My second blind spot was believing that emotions did not have a place in the work environment. My mom was a nurse and she conveyed to me all the qualities that make a great nurse – a deep knowledge of medicine, a nurturing and compassionate soul, and a passion for truth that made her dig in her heels and fight for what she believed in. I admired similar traits in Kyla. Where Kyla and my mom were more connected with their emotions, I was more stoic and logical. The Chief Medical Officer (CMO) thought along similar lines and responded well to my style and approach, but Kyla did not.

Looking back, there may have been some unspoken gender issues at play as well. The CMO and I were male and the CNO was female. In many parts of the organization there was a good ol’ boys network and the CMO and I may have been perceived as part of that. Like any perception, what we think we see becomes real and causes us to behave in ways that confirm that perception. If she saw us as part of the problem, we were, and the only way she knew to combat that was by aligning with the Jenna, the CNO for the system.

So there we were, the CMO and I clicking along on the project and unknowingly creating distance instead of alignment with our CNO who was unknowingly creating distance with us as well.

How did we solve this problem?

We needed someone to do exploratory surgery of the dynamic of our relationship, so we hired an executive coach to work with the CNO, the CMO, and me (Chief Operating Officer). The coach engaged us in talking about our individual stress levels and how that stress impacted our decision making. We learned that the CNO feared failure to a greater extent than the CMO or I did. We learned that what I perceived as an objective approach was doing nothing to quell her fears, whereas Jenna, the system CNO, was able to communicate in ways that addressed both emotion and logic.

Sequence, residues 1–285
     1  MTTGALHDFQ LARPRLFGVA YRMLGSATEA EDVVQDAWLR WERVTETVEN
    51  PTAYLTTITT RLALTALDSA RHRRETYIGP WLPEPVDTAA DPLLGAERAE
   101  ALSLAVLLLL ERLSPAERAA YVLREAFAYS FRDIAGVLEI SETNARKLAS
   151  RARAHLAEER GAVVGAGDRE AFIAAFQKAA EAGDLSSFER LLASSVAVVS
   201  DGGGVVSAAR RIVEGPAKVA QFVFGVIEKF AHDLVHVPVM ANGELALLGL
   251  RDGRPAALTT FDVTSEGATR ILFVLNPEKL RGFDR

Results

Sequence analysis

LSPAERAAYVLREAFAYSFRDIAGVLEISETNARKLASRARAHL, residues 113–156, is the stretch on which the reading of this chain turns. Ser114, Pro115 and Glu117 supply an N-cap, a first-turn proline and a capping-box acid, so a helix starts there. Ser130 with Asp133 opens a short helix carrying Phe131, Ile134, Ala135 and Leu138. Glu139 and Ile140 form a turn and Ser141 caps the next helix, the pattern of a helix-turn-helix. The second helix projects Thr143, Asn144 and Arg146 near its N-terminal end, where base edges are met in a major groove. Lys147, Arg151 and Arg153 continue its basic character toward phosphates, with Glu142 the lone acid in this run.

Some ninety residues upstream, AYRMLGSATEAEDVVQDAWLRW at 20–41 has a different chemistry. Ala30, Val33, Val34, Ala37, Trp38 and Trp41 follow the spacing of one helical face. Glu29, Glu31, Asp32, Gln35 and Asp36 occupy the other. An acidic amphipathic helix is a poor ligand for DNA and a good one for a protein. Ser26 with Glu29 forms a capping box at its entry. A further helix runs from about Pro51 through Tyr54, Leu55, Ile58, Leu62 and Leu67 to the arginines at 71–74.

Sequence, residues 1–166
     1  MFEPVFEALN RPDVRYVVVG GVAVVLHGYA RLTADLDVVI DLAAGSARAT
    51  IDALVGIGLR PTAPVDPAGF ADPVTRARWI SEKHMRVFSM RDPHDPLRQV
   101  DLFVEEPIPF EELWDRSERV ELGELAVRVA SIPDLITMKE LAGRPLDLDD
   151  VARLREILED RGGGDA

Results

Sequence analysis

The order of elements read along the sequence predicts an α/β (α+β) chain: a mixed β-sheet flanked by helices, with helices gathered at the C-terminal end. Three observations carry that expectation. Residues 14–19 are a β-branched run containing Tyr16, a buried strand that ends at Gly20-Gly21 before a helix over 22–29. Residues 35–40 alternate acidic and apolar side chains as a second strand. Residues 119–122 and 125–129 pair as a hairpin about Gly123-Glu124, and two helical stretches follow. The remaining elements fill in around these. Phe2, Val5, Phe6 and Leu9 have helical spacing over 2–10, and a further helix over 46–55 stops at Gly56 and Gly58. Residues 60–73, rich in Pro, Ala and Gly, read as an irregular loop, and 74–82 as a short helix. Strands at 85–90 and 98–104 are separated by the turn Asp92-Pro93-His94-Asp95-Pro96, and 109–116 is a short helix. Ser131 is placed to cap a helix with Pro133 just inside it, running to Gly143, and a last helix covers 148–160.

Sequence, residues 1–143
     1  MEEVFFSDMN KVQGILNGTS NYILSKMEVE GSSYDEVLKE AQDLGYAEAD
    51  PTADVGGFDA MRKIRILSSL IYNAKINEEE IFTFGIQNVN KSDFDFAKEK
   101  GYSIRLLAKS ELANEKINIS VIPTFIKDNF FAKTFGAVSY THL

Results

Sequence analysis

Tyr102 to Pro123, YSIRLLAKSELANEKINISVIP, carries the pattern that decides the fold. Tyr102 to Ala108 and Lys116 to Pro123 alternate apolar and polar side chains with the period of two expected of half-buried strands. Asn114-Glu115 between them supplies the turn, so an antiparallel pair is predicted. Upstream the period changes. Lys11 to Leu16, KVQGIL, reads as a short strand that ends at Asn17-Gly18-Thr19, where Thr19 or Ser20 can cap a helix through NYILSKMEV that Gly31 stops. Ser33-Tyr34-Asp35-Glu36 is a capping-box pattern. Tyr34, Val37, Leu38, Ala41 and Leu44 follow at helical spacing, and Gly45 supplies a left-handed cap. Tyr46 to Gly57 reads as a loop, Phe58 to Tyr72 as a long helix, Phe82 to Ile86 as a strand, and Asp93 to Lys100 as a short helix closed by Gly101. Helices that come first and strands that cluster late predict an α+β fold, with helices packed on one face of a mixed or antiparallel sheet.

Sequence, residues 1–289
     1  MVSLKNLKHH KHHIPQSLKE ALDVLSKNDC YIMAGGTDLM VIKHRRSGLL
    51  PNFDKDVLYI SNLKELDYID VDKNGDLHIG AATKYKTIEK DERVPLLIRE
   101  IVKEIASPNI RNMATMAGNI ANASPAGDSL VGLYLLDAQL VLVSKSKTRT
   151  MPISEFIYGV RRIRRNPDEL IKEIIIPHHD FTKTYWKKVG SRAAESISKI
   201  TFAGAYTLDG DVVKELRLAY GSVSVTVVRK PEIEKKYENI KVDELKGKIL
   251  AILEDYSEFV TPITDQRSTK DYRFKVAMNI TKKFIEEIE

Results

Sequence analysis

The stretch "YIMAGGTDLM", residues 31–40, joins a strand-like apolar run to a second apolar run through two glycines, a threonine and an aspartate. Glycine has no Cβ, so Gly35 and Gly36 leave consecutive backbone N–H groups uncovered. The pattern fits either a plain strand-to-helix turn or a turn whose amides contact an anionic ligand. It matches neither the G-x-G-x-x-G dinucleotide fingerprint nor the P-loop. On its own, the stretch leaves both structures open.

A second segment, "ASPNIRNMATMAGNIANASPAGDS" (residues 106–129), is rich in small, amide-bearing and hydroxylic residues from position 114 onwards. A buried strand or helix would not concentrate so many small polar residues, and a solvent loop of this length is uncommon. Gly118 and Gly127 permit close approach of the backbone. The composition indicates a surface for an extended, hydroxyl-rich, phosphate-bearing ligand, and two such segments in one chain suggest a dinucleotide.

Through the eyes of our executive coach, I was able to “see through” my blind spots and address the issue, just like a surgeon might consult another surgeon or use a video camera to help illuminate the problem area. Once I could see the problem, I realized that walking away wasn’t the solution. I chose to build a stronger relationship with Kyla. It started with lunch.

We were able to reconnect on a human level. I talked about my mom and how she had passed her passion for service on to me and I asked her about why she became a nurse and what her hopes and fears for the project and her career were. I sought opportunities to publicly support her and help her realize her personal and professional goals. I also provided her more autonomy to make decisions. In return, she kept me in the loop on discussions she had with the system CNO and surprised me more than once with her keen insight and perspectives on ways to improve the project outcomes. She began to see how my previous success helped me make decisions in areas that mattered to her, and I realized that the only decisions that were important were the ones I was making right now.

Many of the surgeons I know are so committed to the health of their patients that they will take as much time as they can during surgery to make sure the patient can achieve a full recovery whenever possible. They get to know their patients on a personal level, because they understand that the human connection is what drives them to see through their blind spots to ensure positive outcomes. What are your blind spots? Who is helping you to see through them right now?

Herb Dyer

Senior Healthcare Executive at DyerHealthcare Consulting